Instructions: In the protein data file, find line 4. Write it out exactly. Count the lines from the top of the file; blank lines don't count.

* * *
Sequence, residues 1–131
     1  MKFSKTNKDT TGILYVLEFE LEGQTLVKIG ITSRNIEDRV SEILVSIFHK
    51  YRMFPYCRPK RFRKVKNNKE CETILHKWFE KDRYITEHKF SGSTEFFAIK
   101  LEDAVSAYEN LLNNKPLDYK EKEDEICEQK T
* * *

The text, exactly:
   101  LEDAVSAYEN LLNNKPLDYK EKEDEICEQK T